"...She pulled me close and said
Don't worry about a thing
Now let's just keep our eyes focused on our dreams
We may not have what we want
But we're holding everything we'll ever need..."
My husband, Jeff, sent me this video of Concerts in Your Home artist, Daniel Walcher's "Dishes in Her Dress," (you might also like this, easier to hear the lyrics, black&white version) and it made me weep. It was one of those big cathartic, soul-cleansing cries where you find yourself caught off guard by something beautiful, and you've got your elbows on your desk, your face in your hands, and sobs are escaping from a place so deep you forgot it existed...or, that you even had it in you. It probably has something to do with the fact that he sent it from the city where he lives ans works, over a thousand miles away...and that I haven't had much sleep lately, but that said, I miss him. He is in Boston because he loves God, his church, his family, and he wants to live his life with purpose, while he cares for his expanded family's needs.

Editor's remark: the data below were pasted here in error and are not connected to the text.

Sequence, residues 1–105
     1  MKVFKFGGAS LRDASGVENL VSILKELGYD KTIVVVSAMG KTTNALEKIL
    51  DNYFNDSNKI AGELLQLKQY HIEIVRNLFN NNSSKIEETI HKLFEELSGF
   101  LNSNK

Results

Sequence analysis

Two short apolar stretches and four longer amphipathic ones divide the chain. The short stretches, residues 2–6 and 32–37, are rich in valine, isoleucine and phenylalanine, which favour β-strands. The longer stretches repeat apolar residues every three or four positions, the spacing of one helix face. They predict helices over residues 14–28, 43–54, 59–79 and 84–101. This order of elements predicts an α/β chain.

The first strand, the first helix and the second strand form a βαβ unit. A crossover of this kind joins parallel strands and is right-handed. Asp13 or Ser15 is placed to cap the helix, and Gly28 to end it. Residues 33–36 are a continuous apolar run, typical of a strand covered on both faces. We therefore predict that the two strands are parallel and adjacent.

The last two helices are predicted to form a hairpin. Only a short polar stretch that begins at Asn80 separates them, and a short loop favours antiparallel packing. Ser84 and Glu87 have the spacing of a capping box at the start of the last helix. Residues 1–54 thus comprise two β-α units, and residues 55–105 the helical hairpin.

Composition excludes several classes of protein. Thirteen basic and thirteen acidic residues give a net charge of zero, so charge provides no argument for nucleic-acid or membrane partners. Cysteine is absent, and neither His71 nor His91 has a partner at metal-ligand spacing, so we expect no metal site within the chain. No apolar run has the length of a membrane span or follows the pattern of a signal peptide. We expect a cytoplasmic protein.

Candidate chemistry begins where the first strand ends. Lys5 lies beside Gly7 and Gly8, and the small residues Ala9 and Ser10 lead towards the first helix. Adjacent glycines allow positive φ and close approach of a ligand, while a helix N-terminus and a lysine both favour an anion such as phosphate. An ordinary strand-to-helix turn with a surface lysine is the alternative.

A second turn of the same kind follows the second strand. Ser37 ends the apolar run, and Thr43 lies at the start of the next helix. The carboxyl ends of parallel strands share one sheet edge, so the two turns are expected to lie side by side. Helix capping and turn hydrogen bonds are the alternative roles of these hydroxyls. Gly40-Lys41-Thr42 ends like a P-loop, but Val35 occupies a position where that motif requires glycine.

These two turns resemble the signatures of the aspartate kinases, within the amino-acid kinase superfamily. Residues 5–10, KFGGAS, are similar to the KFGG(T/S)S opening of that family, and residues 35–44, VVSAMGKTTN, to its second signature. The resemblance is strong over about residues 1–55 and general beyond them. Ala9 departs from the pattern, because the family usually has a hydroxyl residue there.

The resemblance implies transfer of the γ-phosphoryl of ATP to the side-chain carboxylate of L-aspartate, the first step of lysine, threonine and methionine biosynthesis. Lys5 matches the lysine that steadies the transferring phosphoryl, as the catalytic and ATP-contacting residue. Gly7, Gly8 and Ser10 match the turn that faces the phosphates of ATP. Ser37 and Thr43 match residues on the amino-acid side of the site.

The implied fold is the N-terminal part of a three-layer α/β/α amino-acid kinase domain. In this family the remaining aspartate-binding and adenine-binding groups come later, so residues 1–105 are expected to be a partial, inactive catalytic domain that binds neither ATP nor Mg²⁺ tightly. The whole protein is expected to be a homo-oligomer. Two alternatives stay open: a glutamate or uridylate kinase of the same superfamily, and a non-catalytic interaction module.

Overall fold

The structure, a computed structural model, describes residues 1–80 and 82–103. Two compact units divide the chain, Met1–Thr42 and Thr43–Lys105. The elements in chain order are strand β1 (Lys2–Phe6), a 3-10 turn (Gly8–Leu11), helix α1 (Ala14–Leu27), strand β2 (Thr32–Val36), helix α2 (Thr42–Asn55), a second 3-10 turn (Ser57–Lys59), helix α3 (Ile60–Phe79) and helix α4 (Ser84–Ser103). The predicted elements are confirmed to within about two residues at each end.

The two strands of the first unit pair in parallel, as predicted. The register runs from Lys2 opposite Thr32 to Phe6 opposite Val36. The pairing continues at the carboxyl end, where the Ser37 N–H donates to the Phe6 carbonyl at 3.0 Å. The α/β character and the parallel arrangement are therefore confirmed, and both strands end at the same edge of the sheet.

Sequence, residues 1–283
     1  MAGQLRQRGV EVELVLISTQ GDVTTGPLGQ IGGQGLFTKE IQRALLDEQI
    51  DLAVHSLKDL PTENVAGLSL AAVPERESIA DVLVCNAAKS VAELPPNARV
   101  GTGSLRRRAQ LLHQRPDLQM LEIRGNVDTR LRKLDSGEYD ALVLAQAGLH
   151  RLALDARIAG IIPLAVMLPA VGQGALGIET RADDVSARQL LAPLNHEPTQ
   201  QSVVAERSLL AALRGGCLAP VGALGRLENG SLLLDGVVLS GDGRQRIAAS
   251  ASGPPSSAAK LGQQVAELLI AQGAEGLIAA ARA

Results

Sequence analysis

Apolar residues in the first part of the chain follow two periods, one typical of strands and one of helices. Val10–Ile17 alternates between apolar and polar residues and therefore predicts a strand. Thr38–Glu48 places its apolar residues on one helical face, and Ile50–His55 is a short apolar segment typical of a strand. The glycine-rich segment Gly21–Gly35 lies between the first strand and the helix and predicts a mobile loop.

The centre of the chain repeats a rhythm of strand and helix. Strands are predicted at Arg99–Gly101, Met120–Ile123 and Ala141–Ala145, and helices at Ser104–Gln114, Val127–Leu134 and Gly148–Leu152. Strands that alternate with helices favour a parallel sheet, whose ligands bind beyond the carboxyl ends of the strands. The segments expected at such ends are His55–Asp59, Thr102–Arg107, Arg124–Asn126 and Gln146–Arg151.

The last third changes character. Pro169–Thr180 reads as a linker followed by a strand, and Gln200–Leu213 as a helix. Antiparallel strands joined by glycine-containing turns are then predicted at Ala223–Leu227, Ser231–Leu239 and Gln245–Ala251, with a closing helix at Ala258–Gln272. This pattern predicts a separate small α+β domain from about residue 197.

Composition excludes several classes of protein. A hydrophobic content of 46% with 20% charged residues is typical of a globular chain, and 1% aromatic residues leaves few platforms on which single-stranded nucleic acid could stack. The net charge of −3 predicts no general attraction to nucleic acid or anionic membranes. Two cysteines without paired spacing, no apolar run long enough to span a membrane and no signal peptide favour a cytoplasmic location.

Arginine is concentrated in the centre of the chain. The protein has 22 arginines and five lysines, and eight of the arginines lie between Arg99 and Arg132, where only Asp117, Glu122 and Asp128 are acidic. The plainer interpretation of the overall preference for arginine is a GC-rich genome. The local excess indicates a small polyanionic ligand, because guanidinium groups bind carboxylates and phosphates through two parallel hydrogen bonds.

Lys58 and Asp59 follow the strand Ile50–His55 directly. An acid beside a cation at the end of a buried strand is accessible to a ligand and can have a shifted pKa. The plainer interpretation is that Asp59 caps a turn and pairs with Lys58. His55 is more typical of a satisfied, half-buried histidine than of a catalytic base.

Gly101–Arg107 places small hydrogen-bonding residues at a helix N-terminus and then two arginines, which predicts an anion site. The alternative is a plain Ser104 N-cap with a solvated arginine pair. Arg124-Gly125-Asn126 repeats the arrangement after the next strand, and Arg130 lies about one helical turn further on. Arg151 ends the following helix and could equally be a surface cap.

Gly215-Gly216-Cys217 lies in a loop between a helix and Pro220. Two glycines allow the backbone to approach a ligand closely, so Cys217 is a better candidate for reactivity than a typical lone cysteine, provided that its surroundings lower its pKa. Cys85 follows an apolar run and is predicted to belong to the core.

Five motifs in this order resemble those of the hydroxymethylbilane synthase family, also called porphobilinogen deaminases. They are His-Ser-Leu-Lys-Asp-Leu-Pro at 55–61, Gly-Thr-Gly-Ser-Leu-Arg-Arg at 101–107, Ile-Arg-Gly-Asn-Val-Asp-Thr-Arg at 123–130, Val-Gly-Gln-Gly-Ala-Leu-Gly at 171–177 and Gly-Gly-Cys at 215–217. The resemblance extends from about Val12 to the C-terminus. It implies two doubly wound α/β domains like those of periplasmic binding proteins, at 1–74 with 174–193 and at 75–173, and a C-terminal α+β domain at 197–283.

People ask me all the time, "How are you guys doing, with Jeff out of town so much?" (During the first seven months, we had him home for a total of ten days.) And for the most part, I can honestly say that we are fine. We love eachother. We are blessed with a marriage that is 90% living, laughing, and loving everything that crosses our path, with abandon. We talk on the phone a lot, and we confer on almost every family decision that needs to be made. I am grateful he is doing what he loves, and that he feels a clear sense of purpose every moment. I wouldn't have it any other way right now. So why write about this?
Because, I want to. And because I want to go on record as having said that my life at 55 years old is still very full of genuine happiness, affection, and joy. I want you to know...whether you are 18, and think your parents are too old to care about being in love (like I was at that age...sorry mom), or you are 75 and think you are past the point of ever being able to return to the days listening to love songs with a keen ear, buying Hallmark cards, and finding flowers at the doorstep (no, mom, you aren't!!), love never becomes less lovely with time.